Michael_LSRR – The last two games have shown that Gibbs is able to make necessary adjustments at halftime. Someone else here at STP could tell you what those adjustments actually are… all I know is that they have worked. I wasn’t able to find this officially, but by my count, Tech held Arkansas under 100 yards rushing in the second half with 12 of those yards coming on Collins’ final carry of the night. We all know how that one ended. EXCLAMATION POINT.

Brian DonCarlos – It wasn’t until after the game that Twitter brought to my attention that Tech only gave up 3 points in the 2nd half; I was so wrapped up in the game that I didn’t even think about it. However, after two games we’ve started seeing real evidence of the mythical “second half adjustments” that always seem to get talked about but are rarely ever witnessed. Having an offense that we can actually be confident in is a welcome change of pace, but knowing that TTU has a defense that can possibly adjust to an opposing team to give the offense a chance to pull away is something I sincerely hope is not a mirage. And when you include Jakeem Grant & Special Teams, all three phases of the team can keep Tech in a game. Defense just being relatively competent is huge, and it’s something that we’ll truly get to see tested next week against a more balanced TCU team with Boykin, Josh Doctson, & Aaron Green.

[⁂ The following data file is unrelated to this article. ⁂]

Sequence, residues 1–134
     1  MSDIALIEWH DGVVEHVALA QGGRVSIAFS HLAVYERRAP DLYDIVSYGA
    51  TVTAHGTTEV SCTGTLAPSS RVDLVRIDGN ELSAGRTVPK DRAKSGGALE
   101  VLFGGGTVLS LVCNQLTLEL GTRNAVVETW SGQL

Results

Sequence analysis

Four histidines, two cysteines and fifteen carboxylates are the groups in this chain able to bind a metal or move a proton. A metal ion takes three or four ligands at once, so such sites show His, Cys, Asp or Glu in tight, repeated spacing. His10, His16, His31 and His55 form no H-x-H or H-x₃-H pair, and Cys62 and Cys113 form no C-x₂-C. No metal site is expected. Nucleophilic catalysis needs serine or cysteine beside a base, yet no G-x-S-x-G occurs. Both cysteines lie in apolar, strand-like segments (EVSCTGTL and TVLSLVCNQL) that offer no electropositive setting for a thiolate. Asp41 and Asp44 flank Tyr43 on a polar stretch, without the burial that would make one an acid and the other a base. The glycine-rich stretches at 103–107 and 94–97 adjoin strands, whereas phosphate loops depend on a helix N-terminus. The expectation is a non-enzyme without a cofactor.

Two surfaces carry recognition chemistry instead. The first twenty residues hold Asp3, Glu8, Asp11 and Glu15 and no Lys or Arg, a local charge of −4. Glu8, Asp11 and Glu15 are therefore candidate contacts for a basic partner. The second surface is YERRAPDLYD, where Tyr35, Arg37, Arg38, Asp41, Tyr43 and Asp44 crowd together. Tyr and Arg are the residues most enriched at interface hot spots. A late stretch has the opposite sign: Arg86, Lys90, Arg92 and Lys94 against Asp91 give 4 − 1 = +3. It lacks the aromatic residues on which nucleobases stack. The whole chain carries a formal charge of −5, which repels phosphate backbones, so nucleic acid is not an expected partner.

MeestahRogers – Like Brian, I was so engrossed in the game that I didn’t realize that Arkansas only scored 3 points in the second half until after the game. When I think back to the second half of the Arkansas game last year, I remember seeing our defense fading, giving up huge runs and long, extended clock-draining drives. They just couldn’t get off the field and the physicality of the Arkansas line and their two running backs absolutely ground Tech into dust.

This year, Tech came out strong. Arkansas went on some extended drives, but their red zone efficiency issue reared its ugly head again. They had a 3rd and 2 on the 5 yard line and they are throwing the ball? Come on Enos, I could have called that red zone possession better from my living room. Either way, Tech turned in an excellent performance in the second half, allowing the offense to grow the lead and really apply pressure to the Arkansas offense.

6 Minutes, 25 Seconds

Michael_LSRR – As much as I enjoyed the fact that Tech was able to answer a 7 minute drive in the first half from the Arkansas offense with a 26 second scoring drive of their own, this was a relief to see. Having the ability and the wherewithal to use the clock as an ally was essential. It even forced Arkansas to burn two of their timeouts. The clock management at the end of the first half was a bit lacking, including about a 10-15 second runoff before calling a timeout.